Samsung Electronics Co. won a small but meaningful battle Wednesday after a U.S. court dismissed Apple Inc.'s bid to ban sales of its nine older models in the United States.
Judge Lucy H. Koh, a U.S. district judge in San Jose, California, rejected an injunction filed by the iPhone maker to block sales of nine Samsung smartphone lines, including the Galaxy S3, for infringing its patented technologies.
The court decision came after a U.S. federal jury concluded in May that Samsung and Apple have infringed each other's patents on smartphones and other smart devices.
Judge Koh concluded that Apple failed to prove its irreversible damages from continued sales of Samsung smartphones.
Apple did not respond to the latest court decision.
Samsung and Apple have been engaged in legal battles in the U.S. since April 2011, accusing each other of copying patented technologies in their smart devices. Apple's earlier bid to block sales of Samsung's older smartphones also had been rejected by the court.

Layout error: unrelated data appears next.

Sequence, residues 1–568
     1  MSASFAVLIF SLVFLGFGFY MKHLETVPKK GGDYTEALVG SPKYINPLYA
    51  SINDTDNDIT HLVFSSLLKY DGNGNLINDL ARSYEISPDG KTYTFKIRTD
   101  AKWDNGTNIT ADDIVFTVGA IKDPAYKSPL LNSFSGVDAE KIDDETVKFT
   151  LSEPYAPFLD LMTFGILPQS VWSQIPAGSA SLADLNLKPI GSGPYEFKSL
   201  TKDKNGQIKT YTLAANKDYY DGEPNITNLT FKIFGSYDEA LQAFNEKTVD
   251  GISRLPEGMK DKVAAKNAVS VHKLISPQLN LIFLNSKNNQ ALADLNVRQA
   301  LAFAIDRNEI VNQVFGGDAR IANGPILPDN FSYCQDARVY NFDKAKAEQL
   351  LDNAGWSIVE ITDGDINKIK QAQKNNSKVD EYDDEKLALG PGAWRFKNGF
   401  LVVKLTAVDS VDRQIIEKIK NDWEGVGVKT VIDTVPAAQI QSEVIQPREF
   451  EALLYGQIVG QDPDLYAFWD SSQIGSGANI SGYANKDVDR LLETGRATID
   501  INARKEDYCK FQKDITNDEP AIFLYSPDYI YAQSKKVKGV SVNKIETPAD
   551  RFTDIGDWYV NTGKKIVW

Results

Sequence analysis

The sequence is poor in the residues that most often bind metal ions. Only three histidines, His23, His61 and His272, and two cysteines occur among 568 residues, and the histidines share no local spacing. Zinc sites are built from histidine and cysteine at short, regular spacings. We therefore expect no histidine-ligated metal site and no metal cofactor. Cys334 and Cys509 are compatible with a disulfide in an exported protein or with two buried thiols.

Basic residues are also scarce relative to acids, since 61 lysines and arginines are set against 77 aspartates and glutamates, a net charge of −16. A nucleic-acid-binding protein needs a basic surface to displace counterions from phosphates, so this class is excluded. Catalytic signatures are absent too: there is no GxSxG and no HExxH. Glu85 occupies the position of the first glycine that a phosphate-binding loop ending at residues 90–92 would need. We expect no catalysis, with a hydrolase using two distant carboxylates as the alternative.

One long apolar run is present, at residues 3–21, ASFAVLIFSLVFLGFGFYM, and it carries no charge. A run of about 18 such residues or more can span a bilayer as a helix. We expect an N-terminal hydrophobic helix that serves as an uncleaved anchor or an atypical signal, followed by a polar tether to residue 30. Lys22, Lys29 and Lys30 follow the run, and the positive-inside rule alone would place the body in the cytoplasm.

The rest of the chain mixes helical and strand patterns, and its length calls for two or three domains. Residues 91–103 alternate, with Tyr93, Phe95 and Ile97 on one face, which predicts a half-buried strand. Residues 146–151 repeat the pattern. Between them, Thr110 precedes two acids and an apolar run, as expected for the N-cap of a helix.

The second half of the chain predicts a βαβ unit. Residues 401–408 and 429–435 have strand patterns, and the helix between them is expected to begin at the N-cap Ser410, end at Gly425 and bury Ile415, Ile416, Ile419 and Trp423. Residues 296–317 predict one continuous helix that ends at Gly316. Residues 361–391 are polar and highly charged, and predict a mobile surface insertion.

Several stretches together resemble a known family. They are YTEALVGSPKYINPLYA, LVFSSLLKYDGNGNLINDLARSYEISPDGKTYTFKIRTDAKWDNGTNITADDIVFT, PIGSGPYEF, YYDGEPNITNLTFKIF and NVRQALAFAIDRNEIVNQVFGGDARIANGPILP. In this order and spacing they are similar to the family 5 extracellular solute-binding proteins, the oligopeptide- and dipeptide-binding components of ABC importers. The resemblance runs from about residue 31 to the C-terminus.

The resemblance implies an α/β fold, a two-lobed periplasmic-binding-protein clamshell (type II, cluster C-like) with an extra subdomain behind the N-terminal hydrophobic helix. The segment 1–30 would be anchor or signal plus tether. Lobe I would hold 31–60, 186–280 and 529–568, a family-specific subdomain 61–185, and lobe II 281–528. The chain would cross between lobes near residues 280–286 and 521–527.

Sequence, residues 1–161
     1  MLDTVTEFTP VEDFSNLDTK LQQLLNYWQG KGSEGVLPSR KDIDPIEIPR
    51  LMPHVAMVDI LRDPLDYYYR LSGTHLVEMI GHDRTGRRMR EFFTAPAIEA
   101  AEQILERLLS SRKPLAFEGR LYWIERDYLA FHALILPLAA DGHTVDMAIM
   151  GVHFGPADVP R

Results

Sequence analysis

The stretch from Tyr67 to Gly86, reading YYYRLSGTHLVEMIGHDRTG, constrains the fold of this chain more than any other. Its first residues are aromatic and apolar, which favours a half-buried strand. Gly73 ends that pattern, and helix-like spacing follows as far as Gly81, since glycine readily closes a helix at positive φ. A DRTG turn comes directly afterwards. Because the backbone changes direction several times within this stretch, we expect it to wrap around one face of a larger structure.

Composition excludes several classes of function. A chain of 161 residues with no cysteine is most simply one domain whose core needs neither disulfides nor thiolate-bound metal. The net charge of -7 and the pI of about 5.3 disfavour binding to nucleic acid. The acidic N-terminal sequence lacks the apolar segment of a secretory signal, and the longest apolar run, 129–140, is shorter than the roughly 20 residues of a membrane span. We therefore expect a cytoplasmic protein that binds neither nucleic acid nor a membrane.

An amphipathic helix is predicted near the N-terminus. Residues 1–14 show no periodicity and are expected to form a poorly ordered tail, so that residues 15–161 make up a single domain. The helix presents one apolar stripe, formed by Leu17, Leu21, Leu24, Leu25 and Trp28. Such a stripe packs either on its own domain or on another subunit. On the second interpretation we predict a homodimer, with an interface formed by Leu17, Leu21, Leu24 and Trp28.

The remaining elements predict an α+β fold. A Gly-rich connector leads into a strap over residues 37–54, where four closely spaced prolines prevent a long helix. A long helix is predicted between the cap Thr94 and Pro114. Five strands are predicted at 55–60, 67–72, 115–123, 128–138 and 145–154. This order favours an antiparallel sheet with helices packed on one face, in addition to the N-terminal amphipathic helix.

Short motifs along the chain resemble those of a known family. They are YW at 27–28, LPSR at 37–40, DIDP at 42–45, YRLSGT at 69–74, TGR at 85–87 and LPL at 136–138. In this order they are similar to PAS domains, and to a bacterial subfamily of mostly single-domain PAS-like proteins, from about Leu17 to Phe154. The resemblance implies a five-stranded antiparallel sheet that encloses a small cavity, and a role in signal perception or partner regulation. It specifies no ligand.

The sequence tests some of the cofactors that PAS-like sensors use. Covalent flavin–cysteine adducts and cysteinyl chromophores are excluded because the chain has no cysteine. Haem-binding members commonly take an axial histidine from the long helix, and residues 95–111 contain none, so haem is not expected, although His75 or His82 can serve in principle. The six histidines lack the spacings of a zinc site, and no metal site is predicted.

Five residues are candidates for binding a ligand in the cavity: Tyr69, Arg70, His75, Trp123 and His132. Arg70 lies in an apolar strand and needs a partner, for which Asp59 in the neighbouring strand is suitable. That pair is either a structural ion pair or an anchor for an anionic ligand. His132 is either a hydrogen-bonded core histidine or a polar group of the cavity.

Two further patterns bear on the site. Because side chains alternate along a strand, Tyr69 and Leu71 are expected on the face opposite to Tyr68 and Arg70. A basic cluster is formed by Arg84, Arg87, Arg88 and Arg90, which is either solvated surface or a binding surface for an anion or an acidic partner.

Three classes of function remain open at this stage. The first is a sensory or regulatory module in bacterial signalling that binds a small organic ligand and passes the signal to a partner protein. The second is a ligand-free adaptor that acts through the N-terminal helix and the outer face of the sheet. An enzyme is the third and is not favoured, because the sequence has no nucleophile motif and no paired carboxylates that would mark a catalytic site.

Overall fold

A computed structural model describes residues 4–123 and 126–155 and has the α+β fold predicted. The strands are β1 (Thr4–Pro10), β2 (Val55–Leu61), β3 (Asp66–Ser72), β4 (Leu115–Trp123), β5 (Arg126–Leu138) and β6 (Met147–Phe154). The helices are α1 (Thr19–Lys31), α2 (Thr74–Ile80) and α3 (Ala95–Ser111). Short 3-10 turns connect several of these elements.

The patent war had since spread to South Korea, Japan, Germany, Italy, the Netherlands, Britain, France, and Australia, but in an unexpected move that industry watchers say may be a sign of rapprochement, the two tech leaders agreed earlier this month to drop all lawsuits except patent suits in the U.S.
In June, the two sides had dropped their appeals with the U.S. International Trade Commission that had banned U.S. import of Samsung's smart gadgets.
In the patent suit, the latest ruling in March by the U.S. District Court for the Northern District of California favored Apple, ordering Samsung to pay $929 million for violating Apple's patents.
Calls have been growing on the two rivals to concentrate their resources on their business development instead of high-cost lawsuit fees, especially with market data showing them losing their market lead against rising Chinese competitors.
IDC Corp.'s data for second quarter said both Samsung and Apple lost their shares in the global smartphone market in the April-June period while Chinese players were increasing their sales with budget-priced models. (Yonhap)